iv) Trans Mountain Expansion
The Trans Mountain Expansion Pipeline Project is an approximately 1,200 kilometre pipeline from Edmonton, Alberta to the Westridge Marine oil terminal in Burnaby, British Columbia. It would twin the existing Trans Mountain pipeline increasing the system's capacity by approximately 590,000 barrels per day. Like Northern Gateway, the marine component of the project would involve a substantial increase in marine export traffic with tankers dispatching roughly on a daily basis to markets principally in the Far East. While the regulatory process began in April 2014, application deficiencies required extension of the review such that it is unlikely that the NEB's recommendation to the Federal Cabinet will be available until January 2016. Legal challenges have already been issued (at least one of which has been rejected) which suggest that the planned in-service in 2018 may prove optimistic.
v) Enbridge Line 9 Re-reversal
In 1976, Enbridge constructed its Line 9 pipeline from southwestern Ontario near Sarnia to the Montreal, Quebec petrochemical and refinery complex to expand the market for Canadian crude. When, almost 20 years later, the pricing of North Sea supplies proved more attractive, Line 9 was reversed to transport oil to refiners in Quebec, Ontario and New York. With the shale oil revolution significantly increasing production of midcontinent supply, a re- reversal was proposed with Ontario and Quebec refiners contracting for approximately 300,000 barrels per day shipped (again) from west to east. Despite significant disruption of the regulatory hearings by anti-hydrocarbon activist groups in Montreal and Toronto, the NEB approved the re-reversal in March 2014. Concerns about the adequacy of new shutoff valves near watercourses, however, led to a delay in a planned in-service date of November 2014. In February, 2015, the NEB approved the new valve locations. It is expected Line 9 will commence service by June 2015.
3) Liquefied Natural Gas (LNG) Export Projects
With respect to natural gas, prolific shale gas production across Canada and the United States have spurred many new LNG export proposals. Oil-based LNG pricing in Asian and European markets also became increasingly attractive relative to gas prices available in oversupplied North American markets.
By the end of 2014, the NEB had approved (mostly) 25 year LNG export licences for over a dozen projects with startup dates ranging between roughly 2018 and 2022. All but two of those projects are located on the west coast of British Columbia; the exceptions being two LNG projects proposed on the Oregon coast for which long term export licences were obtained for the overland export of Canadian gas by existing pipelines to the proposed LNG plants. Additional LNG export applications have also been filed with the NEB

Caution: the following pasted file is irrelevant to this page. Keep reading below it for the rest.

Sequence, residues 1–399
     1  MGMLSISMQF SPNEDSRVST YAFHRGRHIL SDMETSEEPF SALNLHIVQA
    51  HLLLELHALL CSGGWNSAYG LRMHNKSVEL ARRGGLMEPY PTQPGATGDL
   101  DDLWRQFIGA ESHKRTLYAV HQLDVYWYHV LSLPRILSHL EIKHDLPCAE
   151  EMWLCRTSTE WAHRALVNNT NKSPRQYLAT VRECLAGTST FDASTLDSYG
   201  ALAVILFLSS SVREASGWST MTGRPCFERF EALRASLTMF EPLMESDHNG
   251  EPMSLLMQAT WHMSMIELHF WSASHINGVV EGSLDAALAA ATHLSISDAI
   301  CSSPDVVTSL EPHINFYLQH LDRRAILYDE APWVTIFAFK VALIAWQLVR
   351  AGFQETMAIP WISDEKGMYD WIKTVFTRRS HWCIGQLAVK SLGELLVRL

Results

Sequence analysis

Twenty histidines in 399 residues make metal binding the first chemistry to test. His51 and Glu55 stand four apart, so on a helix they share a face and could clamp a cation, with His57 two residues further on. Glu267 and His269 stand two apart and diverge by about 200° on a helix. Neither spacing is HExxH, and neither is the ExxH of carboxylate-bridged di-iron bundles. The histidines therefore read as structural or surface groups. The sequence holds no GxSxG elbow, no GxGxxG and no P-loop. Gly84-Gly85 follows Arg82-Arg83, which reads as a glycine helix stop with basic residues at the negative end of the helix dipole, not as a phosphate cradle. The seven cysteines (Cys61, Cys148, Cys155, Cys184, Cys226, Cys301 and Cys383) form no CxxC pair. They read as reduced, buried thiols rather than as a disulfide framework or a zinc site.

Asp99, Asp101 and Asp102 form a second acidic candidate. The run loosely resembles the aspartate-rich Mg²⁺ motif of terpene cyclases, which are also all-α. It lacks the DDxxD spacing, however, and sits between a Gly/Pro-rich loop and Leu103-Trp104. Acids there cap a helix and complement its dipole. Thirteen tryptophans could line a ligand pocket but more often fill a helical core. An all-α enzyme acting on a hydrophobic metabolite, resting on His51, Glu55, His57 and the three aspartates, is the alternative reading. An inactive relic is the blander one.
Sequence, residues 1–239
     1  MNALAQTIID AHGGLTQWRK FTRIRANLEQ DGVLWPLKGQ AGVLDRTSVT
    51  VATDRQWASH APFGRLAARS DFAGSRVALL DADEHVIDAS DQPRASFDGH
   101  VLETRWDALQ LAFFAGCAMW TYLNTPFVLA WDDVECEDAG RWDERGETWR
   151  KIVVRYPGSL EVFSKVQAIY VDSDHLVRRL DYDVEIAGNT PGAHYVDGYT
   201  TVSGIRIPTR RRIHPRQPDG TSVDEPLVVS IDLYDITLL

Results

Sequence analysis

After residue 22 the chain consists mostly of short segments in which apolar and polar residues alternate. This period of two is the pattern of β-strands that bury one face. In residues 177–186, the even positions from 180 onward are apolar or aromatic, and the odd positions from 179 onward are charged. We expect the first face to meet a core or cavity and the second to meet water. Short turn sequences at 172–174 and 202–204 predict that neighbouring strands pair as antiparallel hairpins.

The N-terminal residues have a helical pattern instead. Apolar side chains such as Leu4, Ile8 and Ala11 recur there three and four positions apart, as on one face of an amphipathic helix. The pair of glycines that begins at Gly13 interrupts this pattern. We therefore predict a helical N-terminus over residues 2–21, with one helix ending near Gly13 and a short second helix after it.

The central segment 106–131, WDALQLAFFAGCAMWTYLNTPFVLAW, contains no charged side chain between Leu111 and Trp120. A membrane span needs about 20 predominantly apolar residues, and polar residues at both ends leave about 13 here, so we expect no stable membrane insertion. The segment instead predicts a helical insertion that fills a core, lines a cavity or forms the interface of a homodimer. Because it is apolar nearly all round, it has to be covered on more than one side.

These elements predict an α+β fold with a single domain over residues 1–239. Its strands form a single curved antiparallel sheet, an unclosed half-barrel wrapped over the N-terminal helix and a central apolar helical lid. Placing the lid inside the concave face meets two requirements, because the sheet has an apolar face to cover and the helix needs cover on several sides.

The Board's general reasoning is that these large scale projects (many involving 2-3 bcf/d of gas supply although several smaller scale projects were also approved) represented the demand required to spur exploitation of the vast shale gas resources located primarily in the Montney region of BC and Alberta. A combined federal and provincial gas supply study had determined that the Montney gas resources alone represented well over a hundred years of gas demand. The magnitude of the known shale gas resource also substantially reduces exploration risk. The real impediment to its exploitation, therefore, is the absence of demand. In effect, shale gas exploitation more closely resembles a manufacturing process. The Board also assumed that only a few of the many LNG export proposals would survive the commercial realities of developing and financing these multibillion dollar projects.
As at the date of writing, only a few of the proposed LNG plants and related gas transmission pipeline projects had been approved by provincial authorities. Commercial uncertainties and protracted First Nation opposition (though of a somewhat lesser intensity than to oil pipelines) continue to challenge the planned in-service dates.
Two LNG export proposals were also filed with the NEB involving sites in Nova Scotia. Both rely to a significant extent on US shale gas. The US Department of Energy's more restrictive approach to LNG exports will need to be reconciled with Canada's more flexible policy. Two Quebec based LNG proposals (one involving GNL Quebec in the upper reaches of the Saguenay River) were also filed with the NEB, relying upon Canadian gas supplies sourced at Dawn, Ontario, and via the Eastern Ontario Triangle segment of the TransCanada system.
The loss of Canada's traditional export markets in the US Midwest and the US Northeast to their US shale gas competitors renders it imperative that these alternative markets are secured on a timely basis. Though the level of opposition to these projects has been less than for the oil pipeline proposals, it nevertheless exists. The intense state of global competition in developing incremental LNG supply does not afford Canadian LNG developers the luxury of time. In addition, the recent dramatic drop in oil prices on LNG prices also challenges the economics of these new greenfield developments which must compete with recently approved US projects, most of which have the advantage of utilizing existing LNG import sites and pipeline infrastructure.
For both Canadian gas and oil producers incremental market access remains a priority. In 2015, as it was in 2014, the Canadian regulatory agenda will continue to be dominated by the many industry initiatives to diversify reliance on Canada's single traditional market in the United States.